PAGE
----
June 22, 2013

Sylvan Heights

     Since sometime last winter, two friends and I have been trying to match our schedules to visit Sylvan Heights Waterfowl Park in Scotland Neck, North Carolina. The 18 acre park houses a collection of birds from around the world, more or less grouped by continent. You can walk through most of the displays, enabling you to get up close and personal with the birds. Sylvan Heights is not just a zoo, it is also a breeding center for many species of waterfowl, including several that are critically endangered.  The price of admission was only $9, and it was worth every penny.

American Flamingo
  American Flamingo (5)

Budgerigar Parakeet
Budgerigar Parakeet (2)

Demoiselle Crane
  Demoiselle Crane

East Indian Grey Teal
  East Indian Grey Teal

Indian Blue Peacock
Indian Blue Peacock (4)


Wreathed Hornbill 
Wreathed Hornbill

Scarlet Ibis
  Scarlet Ibis

Toco Toucan 
Toco Toucan

Abyssinian Ground Hornbill (How about those lashes?)
Abyssinian Ground Hornbill (2)

June 19, 2013

What Sexy Is

When you think about it, a flower's sole purpose is procreation, or to use another word, sex. But some flowers are sexier than others.

Nelumbo (3)

Nelumbo (4)

Nelumbo (6)

Nelumbo (5)


Nelumbo (7)

June 15, 2013

Bloom Day - Light and Shadow

     Despite the many flowers blooming in my garden right now, this Bloom Day post was difficult, mainly from deciding which photos to show and which to toss.  I took my pictures yesterday in the harsh afternoon light, which is not the best time to photograph your garden, unless it is the only time you have.  However, given the destructive weather others are having, I will take any bright day I can get and be glad of it.

     In June my garden is mostly about hydrangeas and daylilies (which we will get to), but there are other things going on, like an annual I am trying for the first time, Stachytarpheta mutabilis (Porterweed).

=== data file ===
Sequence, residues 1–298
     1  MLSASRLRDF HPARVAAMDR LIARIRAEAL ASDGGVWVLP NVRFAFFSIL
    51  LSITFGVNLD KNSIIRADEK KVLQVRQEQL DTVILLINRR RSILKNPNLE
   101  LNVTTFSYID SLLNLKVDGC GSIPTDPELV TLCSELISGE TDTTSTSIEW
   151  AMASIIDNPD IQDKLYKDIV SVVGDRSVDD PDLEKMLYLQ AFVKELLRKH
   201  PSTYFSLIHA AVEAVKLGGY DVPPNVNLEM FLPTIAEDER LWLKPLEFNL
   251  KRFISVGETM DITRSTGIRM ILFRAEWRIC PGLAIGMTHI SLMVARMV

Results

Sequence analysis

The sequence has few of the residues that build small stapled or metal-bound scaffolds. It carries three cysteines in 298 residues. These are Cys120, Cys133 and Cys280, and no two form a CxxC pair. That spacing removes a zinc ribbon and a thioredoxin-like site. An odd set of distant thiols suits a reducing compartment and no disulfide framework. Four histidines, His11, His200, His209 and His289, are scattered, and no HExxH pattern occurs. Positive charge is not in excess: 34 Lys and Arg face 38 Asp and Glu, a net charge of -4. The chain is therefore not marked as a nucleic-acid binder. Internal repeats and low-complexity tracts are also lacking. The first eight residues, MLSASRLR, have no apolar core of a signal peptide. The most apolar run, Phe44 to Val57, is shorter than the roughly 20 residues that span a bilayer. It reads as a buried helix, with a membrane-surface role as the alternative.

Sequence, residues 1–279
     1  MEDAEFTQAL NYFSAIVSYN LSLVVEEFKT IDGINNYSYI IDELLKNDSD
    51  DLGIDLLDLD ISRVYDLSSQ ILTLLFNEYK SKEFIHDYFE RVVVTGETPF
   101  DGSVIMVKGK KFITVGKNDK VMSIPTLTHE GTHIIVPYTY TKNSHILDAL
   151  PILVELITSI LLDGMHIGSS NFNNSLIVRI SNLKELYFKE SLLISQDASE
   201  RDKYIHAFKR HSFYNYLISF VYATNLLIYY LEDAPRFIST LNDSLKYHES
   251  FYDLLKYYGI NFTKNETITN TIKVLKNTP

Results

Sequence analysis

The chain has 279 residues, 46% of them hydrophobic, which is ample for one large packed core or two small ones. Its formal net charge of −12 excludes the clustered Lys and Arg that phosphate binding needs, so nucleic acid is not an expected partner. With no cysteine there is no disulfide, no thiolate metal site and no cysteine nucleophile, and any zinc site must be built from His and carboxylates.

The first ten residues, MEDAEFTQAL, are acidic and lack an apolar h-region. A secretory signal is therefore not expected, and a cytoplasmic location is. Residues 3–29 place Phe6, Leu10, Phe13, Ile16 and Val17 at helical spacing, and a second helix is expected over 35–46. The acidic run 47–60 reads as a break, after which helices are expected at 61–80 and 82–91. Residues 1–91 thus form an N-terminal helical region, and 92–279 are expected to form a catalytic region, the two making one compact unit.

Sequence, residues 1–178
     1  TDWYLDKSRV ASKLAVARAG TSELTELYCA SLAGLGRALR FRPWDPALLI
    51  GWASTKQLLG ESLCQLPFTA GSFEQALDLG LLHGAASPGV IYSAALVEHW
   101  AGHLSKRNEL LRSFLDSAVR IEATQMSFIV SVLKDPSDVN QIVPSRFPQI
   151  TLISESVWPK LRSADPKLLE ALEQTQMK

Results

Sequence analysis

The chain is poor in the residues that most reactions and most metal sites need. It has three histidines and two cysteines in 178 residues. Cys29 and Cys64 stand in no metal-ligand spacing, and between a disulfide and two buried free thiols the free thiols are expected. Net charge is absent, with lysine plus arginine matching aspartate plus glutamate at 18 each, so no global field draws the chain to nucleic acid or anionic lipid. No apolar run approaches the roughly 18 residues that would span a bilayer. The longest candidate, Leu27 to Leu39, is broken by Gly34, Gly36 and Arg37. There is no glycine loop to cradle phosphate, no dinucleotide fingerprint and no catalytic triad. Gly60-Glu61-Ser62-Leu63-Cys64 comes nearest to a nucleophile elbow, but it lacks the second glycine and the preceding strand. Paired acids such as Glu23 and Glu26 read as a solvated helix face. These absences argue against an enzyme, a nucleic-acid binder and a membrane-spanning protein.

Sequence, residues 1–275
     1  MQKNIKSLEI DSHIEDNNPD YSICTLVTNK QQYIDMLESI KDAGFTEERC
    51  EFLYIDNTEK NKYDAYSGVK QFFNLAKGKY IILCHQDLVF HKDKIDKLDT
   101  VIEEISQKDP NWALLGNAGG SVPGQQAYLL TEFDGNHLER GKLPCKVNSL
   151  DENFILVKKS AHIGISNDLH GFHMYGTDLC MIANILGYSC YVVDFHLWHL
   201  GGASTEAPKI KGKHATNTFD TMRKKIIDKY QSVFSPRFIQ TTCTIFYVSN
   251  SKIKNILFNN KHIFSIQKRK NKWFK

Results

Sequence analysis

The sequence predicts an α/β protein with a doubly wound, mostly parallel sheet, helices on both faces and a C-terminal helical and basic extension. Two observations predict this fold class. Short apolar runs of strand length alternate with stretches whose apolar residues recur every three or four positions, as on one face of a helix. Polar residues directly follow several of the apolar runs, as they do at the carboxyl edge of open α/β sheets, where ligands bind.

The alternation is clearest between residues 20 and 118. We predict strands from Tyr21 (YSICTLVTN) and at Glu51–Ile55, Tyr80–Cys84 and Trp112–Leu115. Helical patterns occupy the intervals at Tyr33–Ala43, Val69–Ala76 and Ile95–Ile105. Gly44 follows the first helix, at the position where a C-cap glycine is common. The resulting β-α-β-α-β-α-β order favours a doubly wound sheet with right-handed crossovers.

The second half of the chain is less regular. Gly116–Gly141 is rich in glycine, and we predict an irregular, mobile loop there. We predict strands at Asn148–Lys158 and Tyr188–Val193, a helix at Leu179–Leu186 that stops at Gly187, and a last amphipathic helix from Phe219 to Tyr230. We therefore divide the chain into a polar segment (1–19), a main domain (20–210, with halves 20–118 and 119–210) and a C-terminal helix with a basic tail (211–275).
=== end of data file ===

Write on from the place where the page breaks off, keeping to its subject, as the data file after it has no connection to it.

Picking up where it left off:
Stachytarpheta mutabilis 'Coral'

Cuphea ignea 'David Verity' and Canna australis
Cuphea ignea 'David Verity' and Canna australis

Gardenia jasminoides 'August Beauty'
Gardenia jasminoides 'August Beauty'

Acanthus mollis (Grecian Pattern Plant, Bear's Breeches)
Acanthus mollis

Delosperma copperii (Hardy Ice Plant) and a daylily I have yet to ID
Delosperma cooperii and Hemerocallis '

Hemerocallis 'Smoky Mountain Autumn and Canna australis
Hemerocallis 'Smoky Mountain Autumn'

Another Awaiting ID
Hemerocallis (2)

Hydrangea macrophylla 'Frau Kinue' and Jasminum officinale 'Aurea'
Hydrangea macrophylla 'Frau Kinue' and Jasminum officinale 'Aurea' (2)

Hydrangea macrophylla 'Frau Kinue' and Jasminum officinale 'Aurea' (3)

Hydrangea macrophylla 'Amethyst'
Hydrangea macrophylla 'Amethyst'

Hydrangea macrophylla 'Bluebird'
Hydrangea macrophylla 'Bluebird'

Hydrangea macrophylla 'Ayesha'
Hydrangea macrophylla 'Ayesha'

Hydrangea macrophylla 'Penny Mac'
Hydrangea macrophylla 'Penny Mac'

     If you would like to see what kind of day other gardeners are enjoying, then you should pay a visit to Carol of May Dreams Gardens. She hosts Garden Bloggers Bloom Day on the 15th of each month, rain or shine.